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Motorist demands US$132 fine refund

Local News
Harare City Council

A HARARE motorist is demanding a US$132 refund from the Harare City Council’s subsidiary City Parking after his vehicle was clamped in the central business district on March 8 over parking fee arrears.

Gladman Bandama, who is being represented by Tinashe Chinopfukutwa from the Zimbabwe Lawyers for Human Rights, gave the local authority 48 hours to refund him or face court action.

Bandama’s Toyota Corolla was clamped at the Central Vehicle Registry offices along Robson Manyika Avenue.

It is alleged that he had paid parking fees for an hour, but was delayed by 15 minutes only to find his vehicle clamped.

Bandama allegedly offered to pay the parking fees for another hour, but the marshals refused and billed him US$132 in fines, split as US$50 penalty, US$65 clamp charge and value-added tax US$17. His vehicle was not towed away after he paid the fine.

“In terms of section 4(4) of the Harare (Clamping and Tow Away) By-laws 2005, clamp charges are only chargeable when a motor vehicle has been moved to a secure compound. There is no legal provision for payment of clamp charges when the vehicle has not been moved to a secure compound,” Bandama submitted through his lawyers.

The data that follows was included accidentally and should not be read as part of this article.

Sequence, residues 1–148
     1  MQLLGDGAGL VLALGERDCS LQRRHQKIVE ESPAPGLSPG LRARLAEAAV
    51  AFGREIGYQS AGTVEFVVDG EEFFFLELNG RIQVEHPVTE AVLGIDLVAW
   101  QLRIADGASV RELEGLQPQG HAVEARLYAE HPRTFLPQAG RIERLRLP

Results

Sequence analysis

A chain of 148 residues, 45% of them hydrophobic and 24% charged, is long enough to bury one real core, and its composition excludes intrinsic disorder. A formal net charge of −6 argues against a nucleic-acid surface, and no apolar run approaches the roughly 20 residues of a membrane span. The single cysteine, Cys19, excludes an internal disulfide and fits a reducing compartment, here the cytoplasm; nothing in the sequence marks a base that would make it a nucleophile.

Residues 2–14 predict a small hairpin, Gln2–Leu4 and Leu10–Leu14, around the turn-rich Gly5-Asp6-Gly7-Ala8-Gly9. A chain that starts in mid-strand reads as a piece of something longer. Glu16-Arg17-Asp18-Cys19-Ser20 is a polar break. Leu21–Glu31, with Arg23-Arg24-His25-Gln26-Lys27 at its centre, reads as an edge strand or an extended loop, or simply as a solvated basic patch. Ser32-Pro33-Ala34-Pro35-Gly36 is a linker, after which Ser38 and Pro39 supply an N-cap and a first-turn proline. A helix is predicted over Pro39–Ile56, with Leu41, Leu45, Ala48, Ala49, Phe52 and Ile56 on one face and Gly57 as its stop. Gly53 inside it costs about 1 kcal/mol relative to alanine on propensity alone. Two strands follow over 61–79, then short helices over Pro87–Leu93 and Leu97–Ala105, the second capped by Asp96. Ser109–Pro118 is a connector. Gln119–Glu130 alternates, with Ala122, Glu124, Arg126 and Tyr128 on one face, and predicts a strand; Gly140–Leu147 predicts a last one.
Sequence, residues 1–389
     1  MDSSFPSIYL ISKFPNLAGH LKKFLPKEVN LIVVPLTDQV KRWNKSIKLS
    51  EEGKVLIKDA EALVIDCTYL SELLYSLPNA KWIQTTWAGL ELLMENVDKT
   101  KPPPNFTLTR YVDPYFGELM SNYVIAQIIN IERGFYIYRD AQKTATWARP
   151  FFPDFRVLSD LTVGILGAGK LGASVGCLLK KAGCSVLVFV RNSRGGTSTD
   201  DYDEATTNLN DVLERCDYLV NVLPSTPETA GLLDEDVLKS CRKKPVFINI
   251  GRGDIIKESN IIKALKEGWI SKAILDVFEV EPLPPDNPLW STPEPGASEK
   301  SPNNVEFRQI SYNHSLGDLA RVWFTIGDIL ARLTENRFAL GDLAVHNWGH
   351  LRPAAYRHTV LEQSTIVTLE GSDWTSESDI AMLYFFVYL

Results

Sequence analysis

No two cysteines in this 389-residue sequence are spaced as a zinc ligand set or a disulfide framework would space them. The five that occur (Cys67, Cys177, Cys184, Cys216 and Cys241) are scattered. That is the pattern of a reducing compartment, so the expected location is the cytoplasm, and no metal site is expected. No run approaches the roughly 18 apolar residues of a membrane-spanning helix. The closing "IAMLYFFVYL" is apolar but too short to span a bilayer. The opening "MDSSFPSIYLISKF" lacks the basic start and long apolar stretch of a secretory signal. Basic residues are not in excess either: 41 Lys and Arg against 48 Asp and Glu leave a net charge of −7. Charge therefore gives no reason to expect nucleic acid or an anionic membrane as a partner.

Chinopfukutwa said his client was entitled to a four-day grace period to pay the fine in terms of the Municipal Traffic Laws Enforcement Act.

In terms of section 5 of the Municipal Traffic Laws Enforcement Act, Chapter 29:10, payment of penalties should be made to the town clerk or a council officer.

“There is no provision for delegation of the Harare City Council’s powers to fines to a third party, which in this case is receipt of fines and penalties on receiving payments for yourselves. Consequently, your acting on behalf of the Harare City Council is, therefore, unlawful.”

Chinopfukutwa argued that parking marshals had no legal authority to enforce traffic by-laws on behalf of the City of Harare.

“In terms of section 4(6) of the Municipal Traffic Laws Enforcement Act, an authorised person is a peace officer or a person employed under any law as a parking supervisor.

“In the instant case, your parking marshals are neither peace officers or employed in terms of any law,” Chinopfukutwa wrote.

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